Q: What about drilling in Alaska wilderness refuge and more off-shore drilling? Would this help America’s supply of oil? Or would this just delay the inevitable?

A: These sources comprise part of the roughly 1 trillion barrels of oil remaining on Earth, but they are relatively small amounts. They would delay the inevitable by a few months, at most.

Q: One option, surprisingly, you don’t mention is war over oil. There is the belief out there that if worse comes to worst, America will secure its oil supply through military means with “national security” being the justification. Your thoughts, or are we talking about World War III?

A: Actually, I hinted about war with my statement about acquiring oil at the point of a gun. We’ve been using our military to secure fossil fuels, including oil, at least as far back as World War II. The well-respected historian Howard Zinn connects the dots very well with respect to World War II. More recently, Alan Greenspan noted in his recent book that the occupation of Iraq is about oil. I have no doubt we will continue to use our military might to secure oil, and we will be joined by other nations. Currently, we spend more money on our military than all other nations combined, so we will continue to be “best” at using our military muscle to acquire vital resources.

Q: Not a word in your essay about Iraq either. Does that mean you don’t subscribe to the theory that the war was about oil to begin with? Or perhaps just the beginning of military options?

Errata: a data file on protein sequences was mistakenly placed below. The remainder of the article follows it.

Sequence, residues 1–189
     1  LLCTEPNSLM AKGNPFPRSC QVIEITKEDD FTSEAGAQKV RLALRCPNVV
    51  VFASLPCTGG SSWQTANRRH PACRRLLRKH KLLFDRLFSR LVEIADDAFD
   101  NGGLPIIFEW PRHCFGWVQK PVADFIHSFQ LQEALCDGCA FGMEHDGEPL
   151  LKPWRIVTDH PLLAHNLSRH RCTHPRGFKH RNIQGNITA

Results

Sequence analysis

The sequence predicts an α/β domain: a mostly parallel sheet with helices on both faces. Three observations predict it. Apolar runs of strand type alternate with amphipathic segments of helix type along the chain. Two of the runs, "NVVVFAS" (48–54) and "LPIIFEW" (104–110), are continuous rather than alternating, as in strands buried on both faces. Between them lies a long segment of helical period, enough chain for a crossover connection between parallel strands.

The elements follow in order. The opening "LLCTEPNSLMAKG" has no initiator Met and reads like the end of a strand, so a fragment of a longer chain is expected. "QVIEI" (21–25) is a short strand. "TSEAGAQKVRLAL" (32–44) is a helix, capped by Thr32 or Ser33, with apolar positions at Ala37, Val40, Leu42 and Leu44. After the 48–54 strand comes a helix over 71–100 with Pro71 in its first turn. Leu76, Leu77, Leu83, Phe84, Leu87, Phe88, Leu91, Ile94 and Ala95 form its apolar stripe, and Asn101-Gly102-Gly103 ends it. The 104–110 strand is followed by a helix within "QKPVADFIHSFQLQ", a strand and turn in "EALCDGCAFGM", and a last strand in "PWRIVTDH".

A: Iraq was not the first war we fought to secure oil. It will not be the last. Most Americans do not want to know where the oil comes from: Ignorance is bliss, after all.

Q: So, at the end of the day, are your optimistic or pessimistic about the energy prospects for America? Will the cavalry swoop in and save us at the last minute, and who exactly is that cavalry?

A: There is no cavalry. No alternatives scale, and we’re out of time. We made the important decision about energy policy at two critical junctures in American history: (1) shortly after WWII, when we created the interstate highway system and the suburbs to build a way of life that had no future because it relied completely on ready supplies of a finite resource, and (2) in 1980, when we dismissed conservation at irrelevant – I guess we didn’t think we needed lights any more, because it was “morning in America.”

Q: Any message to America as we approach Earth Day, which is coming up April 22? Anything other than gloom and doom, I mean? Is “bloom” anywhere in that equation?

A: Absolutely. This is wonderful news on many levels. Passing the world oil peak means the world economy will collapse, thereby giving other cultures and species an opportunity to persist a few more years. Economic growth is tightly linked to extinction rates, so the forthcoming Greatest Depression is great news from the other occupants of planet Earth.

In fact, it is becoming increasingly clear that we will fail to voluntarily prevent frying the planet beyond the point of habitability. But peak oil forces us to stop burning fossil fuels, which might give us a chance, as a species, to squeeze through the global-change bottleneck. Peak oil is the last chance for our species, and many, many others with which we share the planet.

Thus, if you care about other species, or even about our species, peak oil is good news. However, if you’re like most humans, you care a lot more about yourself and your loved ones than about people you don’t know and especially future generations. And that’s how we got into this mess.

Q: Thank you for participating in aztalk Live Talk Wednesday.

A: The pleaure is all mine. Thank you for facilitating discussion of this critical issue. Readers who would like to continue the conversation are welcome to comment on my blog, Nature Bats Last: http://blog.ltc.arizona.edu/naturebatslast/